I found a fascinating quick-read online about AI, and about how it relates to education and learning in general. Machines are learning on their own. They take the information available to them, and use it to make themselves smarter. But as the article states, not all learning is done this way.
We are stuck with centuries old methodologies, where schools and teachers act like the gateway to knowledge, but at a time when students can access all they want by simply asking Alexa. Finland understood this change and decided to get rid of the passive learning education and lecture format. Instead students are working in groups on topics of their choice, practicing problem solving. Teachers guide students as they are learning on their own.And so this week I took aim at evolving as a teacher, bringing this new methodology to my classroom. The technologies I used to facilitate this move (Google Classroom, EdPuzzle, and Verso) help to increase student collaboration, engagement, accountability and critical thinking, all essential qualities in society's strongest leaders.
Not everything went exactly as planned, but overall, the lesson was a success. As this was the first time my students used a couple of the Apps (and my first time as well), there were the normal hiccups. Some students were unable to login and spoke up, at which point we navigated through the glitch together. Others chose to use bumps in the road as an excuse to stare into the abyss of their empty monitor until I made my way around and urged them forward.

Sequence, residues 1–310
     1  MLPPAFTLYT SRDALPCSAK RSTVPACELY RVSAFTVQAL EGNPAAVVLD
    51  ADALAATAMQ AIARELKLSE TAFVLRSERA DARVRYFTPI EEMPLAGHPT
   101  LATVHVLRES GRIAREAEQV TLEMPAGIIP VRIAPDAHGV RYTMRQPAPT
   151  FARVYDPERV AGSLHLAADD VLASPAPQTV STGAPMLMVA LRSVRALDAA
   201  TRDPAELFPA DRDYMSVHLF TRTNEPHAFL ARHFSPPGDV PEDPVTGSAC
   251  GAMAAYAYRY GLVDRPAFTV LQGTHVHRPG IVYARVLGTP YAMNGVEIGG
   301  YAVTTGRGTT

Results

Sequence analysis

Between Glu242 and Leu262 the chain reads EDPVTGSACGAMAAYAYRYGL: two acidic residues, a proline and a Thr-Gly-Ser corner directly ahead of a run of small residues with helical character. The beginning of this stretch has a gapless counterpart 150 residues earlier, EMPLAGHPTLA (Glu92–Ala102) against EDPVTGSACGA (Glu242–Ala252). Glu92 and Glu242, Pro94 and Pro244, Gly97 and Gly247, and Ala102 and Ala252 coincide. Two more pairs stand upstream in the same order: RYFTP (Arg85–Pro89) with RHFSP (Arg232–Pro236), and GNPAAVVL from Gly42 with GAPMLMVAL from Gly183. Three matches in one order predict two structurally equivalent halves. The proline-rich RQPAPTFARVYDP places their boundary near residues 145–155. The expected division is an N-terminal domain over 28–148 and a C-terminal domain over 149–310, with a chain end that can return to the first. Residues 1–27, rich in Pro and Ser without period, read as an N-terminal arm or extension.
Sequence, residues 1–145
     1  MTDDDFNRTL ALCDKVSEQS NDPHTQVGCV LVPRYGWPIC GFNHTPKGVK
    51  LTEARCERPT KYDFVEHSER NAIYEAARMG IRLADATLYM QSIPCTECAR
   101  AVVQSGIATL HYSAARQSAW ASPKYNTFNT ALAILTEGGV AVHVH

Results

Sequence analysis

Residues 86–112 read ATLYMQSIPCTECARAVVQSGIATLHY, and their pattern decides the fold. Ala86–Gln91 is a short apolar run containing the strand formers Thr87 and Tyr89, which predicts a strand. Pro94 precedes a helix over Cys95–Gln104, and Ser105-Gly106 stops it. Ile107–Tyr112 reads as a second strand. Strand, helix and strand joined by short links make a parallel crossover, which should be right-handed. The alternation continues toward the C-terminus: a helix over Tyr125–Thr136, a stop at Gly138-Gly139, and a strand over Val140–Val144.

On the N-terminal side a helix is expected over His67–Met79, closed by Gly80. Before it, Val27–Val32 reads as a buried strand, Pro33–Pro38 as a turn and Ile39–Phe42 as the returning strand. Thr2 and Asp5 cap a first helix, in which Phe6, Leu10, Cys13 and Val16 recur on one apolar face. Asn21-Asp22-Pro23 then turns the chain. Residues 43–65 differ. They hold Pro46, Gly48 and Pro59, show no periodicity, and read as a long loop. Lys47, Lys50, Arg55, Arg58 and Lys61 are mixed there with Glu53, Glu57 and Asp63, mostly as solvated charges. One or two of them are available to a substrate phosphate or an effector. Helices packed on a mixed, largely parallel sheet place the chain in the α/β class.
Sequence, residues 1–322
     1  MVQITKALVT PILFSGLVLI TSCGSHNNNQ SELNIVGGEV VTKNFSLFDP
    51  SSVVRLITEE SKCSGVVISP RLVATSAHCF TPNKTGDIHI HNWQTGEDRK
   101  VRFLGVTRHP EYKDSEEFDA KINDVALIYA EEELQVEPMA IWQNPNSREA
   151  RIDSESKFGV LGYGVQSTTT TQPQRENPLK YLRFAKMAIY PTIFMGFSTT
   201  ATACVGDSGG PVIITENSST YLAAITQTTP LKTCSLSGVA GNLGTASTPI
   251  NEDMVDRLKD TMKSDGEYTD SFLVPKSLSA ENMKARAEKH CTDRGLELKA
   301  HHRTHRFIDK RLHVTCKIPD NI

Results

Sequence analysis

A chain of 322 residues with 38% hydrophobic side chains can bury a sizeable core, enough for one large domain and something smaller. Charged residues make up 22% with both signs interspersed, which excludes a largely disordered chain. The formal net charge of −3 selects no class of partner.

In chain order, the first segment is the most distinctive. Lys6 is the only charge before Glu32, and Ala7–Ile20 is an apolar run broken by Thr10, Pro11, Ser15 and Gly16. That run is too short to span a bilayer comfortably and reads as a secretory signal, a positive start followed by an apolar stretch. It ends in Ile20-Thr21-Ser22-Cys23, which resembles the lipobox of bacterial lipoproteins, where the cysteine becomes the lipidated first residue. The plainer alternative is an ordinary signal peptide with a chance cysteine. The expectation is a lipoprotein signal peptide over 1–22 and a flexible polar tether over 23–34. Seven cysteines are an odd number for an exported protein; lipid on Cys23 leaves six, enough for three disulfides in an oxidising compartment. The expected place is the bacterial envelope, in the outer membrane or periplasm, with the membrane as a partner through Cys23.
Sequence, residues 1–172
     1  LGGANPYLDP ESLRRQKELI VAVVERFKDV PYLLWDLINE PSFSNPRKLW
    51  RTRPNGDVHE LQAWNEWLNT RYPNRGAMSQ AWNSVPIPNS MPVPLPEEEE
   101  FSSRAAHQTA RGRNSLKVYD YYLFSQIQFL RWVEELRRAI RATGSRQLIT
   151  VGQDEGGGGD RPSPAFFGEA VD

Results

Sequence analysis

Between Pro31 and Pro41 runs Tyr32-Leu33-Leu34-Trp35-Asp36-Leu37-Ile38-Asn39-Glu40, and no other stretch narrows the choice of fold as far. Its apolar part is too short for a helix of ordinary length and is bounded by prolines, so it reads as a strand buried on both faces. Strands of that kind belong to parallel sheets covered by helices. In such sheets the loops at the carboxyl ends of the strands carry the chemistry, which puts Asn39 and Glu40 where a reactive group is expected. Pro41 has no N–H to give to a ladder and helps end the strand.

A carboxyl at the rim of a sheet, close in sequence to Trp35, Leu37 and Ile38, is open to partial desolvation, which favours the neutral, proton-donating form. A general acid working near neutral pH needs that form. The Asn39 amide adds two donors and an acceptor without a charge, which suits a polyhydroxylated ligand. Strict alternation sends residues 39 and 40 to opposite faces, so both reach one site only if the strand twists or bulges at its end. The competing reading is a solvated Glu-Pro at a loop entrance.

Using Verso, I had students summarize their opinion from their Google doc and anonymously post for the class to see. This helped guarantee student engagement. On the fly, I grouped students into two groups, those who agreed with the prompt and those who disagreed, and I asked them to write a contradicting comment to a post of a classmate who shared the same opinion. (It was my hope that this would help increase critical thinking.) Finally, given the content the students created and posted in Verso, I initiated a classroom discussion/ debate; again, a fun and outstanding source of critical thinking.
In the future, I think the biggest adjustment I would make is that of having more questions prepared for the class to respond to, both in small groups and as a whole, after they have posted individually to Verso. I anticipated that the Google doc and questions/ prompts contained within would be sufficient to drive class discussion throughout the period, but it was not. Looking back, the online interaction at Verso did not spawn a group/ whole-class discussion. (Perhaps the students were tired of the prompt?) I expect that having more questions would help launch the online discussion into the classroom.
Clearly, students could have engaged in a read/ recite lesson and successfully (debatable) come away having learned the content. But we know that we learn best when we deeply engage with the process; and we know that in society today, just knowing isn't enough.
It's what we do with the content once we know it that matters most.
In Westworld, how will the robots behave once they have consciousness?